November 24, 2008

Home network setup (or how a multi-function NAS saved my day)

I finally managed to set up a reasonable home network. We had a few issues that needed to be solved:
  1. Running out of free network ports in the router - more, please...
  2. Both of the two printers in the house needed to be on the network.
  3. I needed a common network drive for music, photos (with some sharing capabilities) and as a place to put backups from our PCs.
  4. A backup solution for this common network drive (in case the drive fails).
  5. Even more backup (in case something realy bad happens to the entire house).
The old setup consisted of an ADSL modem connected to a wireless router with a 4-port switch and an old print server with only one usb printer port. Very standard, I guess. So after some consideration I went for two new purchases:

A network switch to handle issue #1
I chose a TrendNet 8-port gigabit switch.

A multi-function NAS to handle the rest of the issues:
A Qnap TS-109 with a 500gb disk (I threw in a Samsung F1) .

So what is this thing? It's a small server with room for a harddrive of choice, 3 USB ports, an eSata port and of course a network connection. The network now looks like this:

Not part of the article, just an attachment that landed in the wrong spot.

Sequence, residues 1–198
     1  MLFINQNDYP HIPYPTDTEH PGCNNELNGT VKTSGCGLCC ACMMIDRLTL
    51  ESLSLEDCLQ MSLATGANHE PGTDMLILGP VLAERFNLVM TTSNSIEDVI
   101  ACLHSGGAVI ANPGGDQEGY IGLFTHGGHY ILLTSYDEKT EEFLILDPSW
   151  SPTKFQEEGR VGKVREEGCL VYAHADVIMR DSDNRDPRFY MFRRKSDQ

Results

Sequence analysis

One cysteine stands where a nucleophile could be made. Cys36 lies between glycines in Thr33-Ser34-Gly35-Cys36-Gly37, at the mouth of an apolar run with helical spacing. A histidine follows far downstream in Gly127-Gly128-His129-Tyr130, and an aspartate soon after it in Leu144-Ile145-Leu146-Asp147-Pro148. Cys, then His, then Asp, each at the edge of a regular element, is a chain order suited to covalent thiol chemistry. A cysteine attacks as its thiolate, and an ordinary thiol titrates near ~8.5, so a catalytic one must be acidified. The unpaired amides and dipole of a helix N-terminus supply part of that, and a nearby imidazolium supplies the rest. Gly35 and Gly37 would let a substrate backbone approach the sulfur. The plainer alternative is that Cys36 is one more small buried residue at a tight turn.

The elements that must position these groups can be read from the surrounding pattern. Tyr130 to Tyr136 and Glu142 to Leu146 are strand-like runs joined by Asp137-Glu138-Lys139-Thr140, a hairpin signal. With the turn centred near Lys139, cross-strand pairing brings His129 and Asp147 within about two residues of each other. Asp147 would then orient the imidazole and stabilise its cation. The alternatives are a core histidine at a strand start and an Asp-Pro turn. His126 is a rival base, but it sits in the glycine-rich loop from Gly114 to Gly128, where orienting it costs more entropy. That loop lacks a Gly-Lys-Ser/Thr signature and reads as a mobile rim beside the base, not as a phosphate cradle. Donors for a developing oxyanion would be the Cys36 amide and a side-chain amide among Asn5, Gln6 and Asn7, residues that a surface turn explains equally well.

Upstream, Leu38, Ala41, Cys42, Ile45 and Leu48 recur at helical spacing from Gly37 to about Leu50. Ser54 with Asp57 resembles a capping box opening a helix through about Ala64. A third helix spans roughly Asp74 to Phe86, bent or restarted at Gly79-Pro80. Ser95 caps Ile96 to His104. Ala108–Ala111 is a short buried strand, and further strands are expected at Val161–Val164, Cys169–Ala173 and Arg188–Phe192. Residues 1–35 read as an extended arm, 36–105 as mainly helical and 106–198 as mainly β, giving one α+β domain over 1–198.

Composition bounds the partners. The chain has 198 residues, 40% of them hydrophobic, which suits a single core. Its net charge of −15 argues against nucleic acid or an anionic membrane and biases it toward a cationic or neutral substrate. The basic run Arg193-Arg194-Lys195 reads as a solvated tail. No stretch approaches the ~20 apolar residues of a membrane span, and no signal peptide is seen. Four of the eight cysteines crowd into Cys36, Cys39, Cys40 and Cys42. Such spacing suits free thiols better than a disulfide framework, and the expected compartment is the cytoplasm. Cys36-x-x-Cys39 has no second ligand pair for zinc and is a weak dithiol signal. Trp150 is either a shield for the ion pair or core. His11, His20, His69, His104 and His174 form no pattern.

Many multi-function NAS products exist - Qnap and Synology seeming to be the leading product lines. Out of the box (and a few clicks in the web-based administration tool) I was able to set up:
  • Printer server for 2 connected USB printers.
  • A network share for our familiy pictures. Wwe use Picasa and it works fine to map a network drive and point its picture folder to this drive.
  • A network share for our music. I put all our mp3's there and setup iTunes on my machine to have its iTunes Music folder pointed to this share. All other PC's use iTunes + the iTunes server capability of the NAS for playback. This way I can rip new cds from my machine and every machine on the network can play it.
Backup (you will notice I'm caring a lot about backup):
The different models in the Qnap series comes with one or more disks, so you could choose a model with 2 disks and set it up to use a Raid 0 for data redundancy. I chose the TS-109 with only one disk, and I then use Qnap's scheduled backup feature instead. This way I can make use of a spare 500gb usb disk, I had. Each night it will automatically run the backup.

In case of total disaster (let's hope it never gets to that, but accidents do happen) I want some kind of remote backup. You can pay for internet backup solutions, but I found it too expensive when you need large amounts of data backed up. Instead I use the remote backup feature of the NAS - the plan is to set up a similar NAS for a familiy member at another location, and by knocking a few holes in our firewalls we should be able to sync each others data over the net.

So, to draw a few conclusions: For about 430$ (2.500 Dkr) I was able to build a nice solution for home network, sharing and backup. I could have chosen a Windows Home Server based solution like the HP MediaSmart Server, which would be a fine solution too (and about 500$ more). Anyway, I like the small footprint of the Qnap.

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